Playing the piano and the organ are related, but really not the same. Playing the organ correctly involves using the low tone pedals, which is a skill set that I certainly have not mastered. I know people who are really good at playing the organ, but they are few and far between. It, like so many things, takes lots and lots of practice.
Getting back to your question about what kind of piano to get, I would suggest taking your daughter along to look at some used pianos and have her try playing them. In my experience, some pianos (and organs) are much easier to play and sound much better than others. I do not care for the actions of lots of spinet pianos I have tried. Most, but not all of the grand pianos I have played had nice actions and have wonderful sound. But my favorite piano is the old, familiar upright grand that I have had most of my life.
Other things I would consider are the space you have to put the piano in and how much you want to spend. A piano should be in a spot where the temperature and humidity are quite constant. If it is an upright model, it should be on an inside wall. A grand piano, of the various sizes takes lots of room, as there should be space all around it, and you should be able to open the top for good sound. Pianos can be as cheap as free to as expensive as you could imagine. There are many pretty good used pianos that look nice, play well and sound good for $1000 or less. There are also wonderful new pianos available, but they cost much more. Perfectly good older organs are often free or almost free, if you ask around. Lots of churches no longer are using their older electronic organs.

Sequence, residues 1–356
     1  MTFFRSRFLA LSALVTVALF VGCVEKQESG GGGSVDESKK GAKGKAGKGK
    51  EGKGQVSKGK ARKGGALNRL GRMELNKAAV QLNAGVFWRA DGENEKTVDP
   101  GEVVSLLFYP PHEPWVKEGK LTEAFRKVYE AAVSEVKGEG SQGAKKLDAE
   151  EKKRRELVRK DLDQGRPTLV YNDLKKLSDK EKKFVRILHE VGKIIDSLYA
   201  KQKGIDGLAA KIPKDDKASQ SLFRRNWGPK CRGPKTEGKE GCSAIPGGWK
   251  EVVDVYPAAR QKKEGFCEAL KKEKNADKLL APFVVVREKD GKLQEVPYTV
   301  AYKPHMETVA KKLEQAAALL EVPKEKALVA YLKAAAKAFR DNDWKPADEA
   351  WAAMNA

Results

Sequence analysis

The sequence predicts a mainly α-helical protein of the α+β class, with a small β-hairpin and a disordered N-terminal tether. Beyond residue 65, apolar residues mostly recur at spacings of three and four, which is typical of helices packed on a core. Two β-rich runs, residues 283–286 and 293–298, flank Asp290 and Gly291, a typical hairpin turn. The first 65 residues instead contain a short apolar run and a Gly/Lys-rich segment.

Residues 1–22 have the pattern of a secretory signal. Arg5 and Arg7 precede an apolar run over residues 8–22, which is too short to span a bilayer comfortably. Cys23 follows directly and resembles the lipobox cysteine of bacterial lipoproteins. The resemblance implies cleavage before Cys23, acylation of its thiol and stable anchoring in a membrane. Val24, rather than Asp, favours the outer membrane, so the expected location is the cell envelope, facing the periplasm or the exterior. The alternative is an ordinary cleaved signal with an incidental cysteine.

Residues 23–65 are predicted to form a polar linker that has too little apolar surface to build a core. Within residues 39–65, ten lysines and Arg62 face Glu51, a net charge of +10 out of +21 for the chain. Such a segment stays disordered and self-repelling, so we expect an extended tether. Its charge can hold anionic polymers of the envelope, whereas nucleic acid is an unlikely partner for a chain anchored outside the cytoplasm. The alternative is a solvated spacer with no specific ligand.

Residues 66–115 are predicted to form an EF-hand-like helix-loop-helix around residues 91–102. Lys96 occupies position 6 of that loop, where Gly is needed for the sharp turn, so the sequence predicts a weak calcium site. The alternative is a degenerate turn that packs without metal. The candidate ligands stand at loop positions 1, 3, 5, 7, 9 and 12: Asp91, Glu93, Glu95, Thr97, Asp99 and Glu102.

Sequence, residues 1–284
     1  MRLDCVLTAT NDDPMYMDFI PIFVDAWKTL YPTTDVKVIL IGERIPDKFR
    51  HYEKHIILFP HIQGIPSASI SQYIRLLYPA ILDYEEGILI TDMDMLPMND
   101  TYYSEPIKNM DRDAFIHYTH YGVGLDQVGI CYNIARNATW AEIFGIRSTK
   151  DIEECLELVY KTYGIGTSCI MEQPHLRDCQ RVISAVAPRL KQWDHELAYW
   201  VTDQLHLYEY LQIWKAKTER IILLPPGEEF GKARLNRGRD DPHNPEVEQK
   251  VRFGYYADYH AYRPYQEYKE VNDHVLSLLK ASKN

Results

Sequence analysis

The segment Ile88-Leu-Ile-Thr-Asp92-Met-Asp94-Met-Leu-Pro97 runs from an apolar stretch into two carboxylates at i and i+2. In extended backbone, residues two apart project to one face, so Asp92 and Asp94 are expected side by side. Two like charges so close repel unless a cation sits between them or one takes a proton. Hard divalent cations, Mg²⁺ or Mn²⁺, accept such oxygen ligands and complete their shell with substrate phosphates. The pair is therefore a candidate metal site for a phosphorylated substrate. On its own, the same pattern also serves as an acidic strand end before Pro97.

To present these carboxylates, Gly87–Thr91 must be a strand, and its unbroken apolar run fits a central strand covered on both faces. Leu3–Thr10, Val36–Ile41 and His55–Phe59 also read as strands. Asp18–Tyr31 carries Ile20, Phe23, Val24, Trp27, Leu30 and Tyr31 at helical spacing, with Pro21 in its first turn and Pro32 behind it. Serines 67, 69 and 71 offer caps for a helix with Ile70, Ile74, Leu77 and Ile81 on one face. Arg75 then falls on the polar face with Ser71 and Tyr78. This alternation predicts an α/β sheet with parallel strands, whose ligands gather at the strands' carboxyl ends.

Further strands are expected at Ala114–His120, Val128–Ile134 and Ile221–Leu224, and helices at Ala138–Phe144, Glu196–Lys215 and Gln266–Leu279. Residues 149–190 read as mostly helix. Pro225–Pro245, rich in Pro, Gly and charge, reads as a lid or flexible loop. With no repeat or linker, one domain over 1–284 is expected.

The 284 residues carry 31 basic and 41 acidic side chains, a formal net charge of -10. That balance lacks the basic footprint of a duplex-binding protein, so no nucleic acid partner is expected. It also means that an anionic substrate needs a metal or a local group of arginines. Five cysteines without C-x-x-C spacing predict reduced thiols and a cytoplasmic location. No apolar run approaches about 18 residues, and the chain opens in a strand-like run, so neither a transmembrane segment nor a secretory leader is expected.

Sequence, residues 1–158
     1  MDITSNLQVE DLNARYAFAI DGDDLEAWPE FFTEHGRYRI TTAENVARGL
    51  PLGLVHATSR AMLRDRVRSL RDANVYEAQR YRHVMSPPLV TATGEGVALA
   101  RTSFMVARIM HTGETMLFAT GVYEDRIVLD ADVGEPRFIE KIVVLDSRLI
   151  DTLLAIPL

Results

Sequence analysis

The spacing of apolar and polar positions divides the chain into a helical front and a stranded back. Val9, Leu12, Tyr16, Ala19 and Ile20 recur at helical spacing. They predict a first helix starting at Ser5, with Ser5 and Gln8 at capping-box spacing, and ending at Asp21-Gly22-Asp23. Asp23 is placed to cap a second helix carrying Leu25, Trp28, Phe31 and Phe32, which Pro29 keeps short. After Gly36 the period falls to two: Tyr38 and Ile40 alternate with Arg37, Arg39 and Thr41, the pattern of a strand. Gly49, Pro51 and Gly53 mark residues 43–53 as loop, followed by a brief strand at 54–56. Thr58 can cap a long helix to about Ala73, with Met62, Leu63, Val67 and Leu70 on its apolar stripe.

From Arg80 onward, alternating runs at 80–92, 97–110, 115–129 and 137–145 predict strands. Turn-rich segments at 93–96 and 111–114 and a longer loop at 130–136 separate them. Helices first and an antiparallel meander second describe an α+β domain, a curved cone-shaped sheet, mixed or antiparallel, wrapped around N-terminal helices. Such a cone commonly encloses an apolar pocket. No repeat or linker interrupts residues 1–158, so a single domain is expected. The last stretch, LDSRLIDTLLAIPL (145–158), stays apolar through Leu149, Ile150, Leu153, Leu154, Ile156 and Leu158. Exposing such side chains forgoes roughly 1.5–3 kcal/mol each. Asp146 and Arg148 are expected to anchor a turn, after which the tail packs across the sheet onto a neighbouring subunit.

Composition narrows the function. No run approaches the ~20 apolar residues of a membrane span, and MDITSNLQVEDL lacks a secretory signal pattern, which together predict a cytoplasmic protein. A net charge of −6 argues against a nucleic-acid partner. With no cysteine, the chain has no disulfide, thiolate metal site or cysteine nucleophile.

And then there are the various keyboards. I would not suggest a cheap one for a couple of hundred dollars. My experience is that they don"t feel right and while they are fun, they really are not that good for practicing on. Some schools have had electrified pianos that had decent actions and were OK for practice pianos. Occasionally they are for sale fairly inexpensively. I like the feel and sound of the church"s Clavinova, but I think it cost about $8k 10 or 12 years ago.
If my middle school aged child was asked to play for church (and I didn"t already have a piano), I would try to find a somewhat similar instrument to what the church has for her to practice on, but not something that I had to spend a lot of money on. After some time, she will decide if she enjoys playing in public. And she might even get paid for playing. On the other hand, after a couple of years, she may not want to do it anymore, because she things she is too busy with other things in her life to do the necessary practice, or because she, like me, really does not enjoy performing.
I am glad to read that your daughter is learning to play the piano. That is a gift from you to her that she may enjoy the rest of her life. Making music is truly one of my greatest joys! Good luck.